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Russia Offers to Host Abbas-Netanyahu Meeting

Russia Offers to Host Abbas-Netanyahu Meeting
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After getting involved in the Syrian civil war, Russia now signals it wants to become a Middle East power broker. President Vladimir Putin has offered to host a face-to-face meeting between Israeli Prime Minister Benjamin Netanyahu and Palestinian President Mahmoud Abbas in Moscow. Both leaders claim they are ready to continue the dialogue, but they accuse each other of stalling.

Russian Middle East envoy Mikhail Bogdanov held talks with the Palestine Liberation Organization's secretary general, Saeb Erekat, in the West Bank city of Ramallah Tuesday, a day after meeting with Israeli Prime Minister Benjamin Netanyahu in Jerusalem.

"We are very thankful that Mahmoud Abbas accepted in principle the Russian initiative proposed by President Putin. We will continue our efforts, discussions and contacts with the two parties about the form, contents and dates of the meeting," said Bogdanov.

Abbas, who was visiting Poland on Tuesday, responded that he is ready for such a meeting.

"I was supposed to go directly from here to Moscow to meet with Mr. Netanyahu. But unfortunately, there were talks yesterday in Jerusalem between aides of President Putin and Prime Minister Netanyahu where Prime Minister Netanyahu proposed postponing the meeting to a date that I do not yet know," said Abbas.

Netanyahu said the meeting cannot take place because of the conditions imposed by the Palestinians, something Abbas denies.

"Only yesterday (Monday), Palestinian spokesmen conveyed that they are ready to meet, but there are conditions - releasing prisoners, they want to know what the results of the talks will be. If Mahmoud Abbas is ready to meet, without preconditions, for direct talks, I am ready at any time," said Netanyahu.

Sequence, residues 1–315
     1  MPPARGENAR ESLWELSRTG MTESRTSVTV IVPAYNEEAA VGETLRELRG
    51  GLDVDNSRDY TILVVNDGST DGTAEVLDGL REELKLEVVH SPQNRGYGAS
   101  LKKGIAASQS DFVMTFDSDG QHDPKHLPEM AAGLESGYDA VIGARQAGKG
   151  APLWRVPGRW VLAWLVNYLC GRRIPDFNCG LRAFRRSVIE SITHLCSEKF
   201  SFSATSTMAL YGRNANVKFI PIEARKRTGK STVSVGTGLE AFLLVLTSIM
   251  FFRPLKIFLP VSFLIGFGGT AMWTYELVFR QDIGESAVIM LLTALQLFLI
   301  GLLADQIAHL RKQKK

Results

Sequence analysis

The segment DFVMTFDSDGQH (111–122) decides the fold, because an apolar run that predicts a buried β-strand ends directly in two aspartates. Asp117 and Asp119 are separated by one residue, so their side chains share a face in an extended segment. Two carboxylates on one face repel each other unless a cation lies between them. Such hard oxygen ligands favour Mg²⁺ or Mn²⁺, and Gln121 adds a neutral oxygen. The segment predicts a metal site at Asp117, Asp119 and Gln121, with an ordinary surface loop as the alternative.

Netanyahu Tuesday was in the Hague, where angry protesters condemned his treatment of the Palestinians, especially the blockade of Gaza. The Israeli leader was in the Netherlands to discuss the Dutch government's help in improving water and energy supplies to the Palestinian coastal strip.

"We have no battle, no qualms with the people of Gaza, only with the band of terrorist thugs who've taken them blackmail. So we fight the terrorists, but we want to help the population, and the first step is to improve the supply of energy and water to Gaza, including laying a gas pipeline," said Netanyahu.

Israeli forces fired shells into Gaza Tuesday. Officials said they were targeting Hamas positions, but they also damaged civilian homes. Hamas fighters frequently throw rockets into Israel and Israeli forces respond by bombarding what they believe are Hamas positions.

Decades of U.S.-mediated Middle East peace efforts have failed to bring lasting peace between the Israelis and the Palestinians.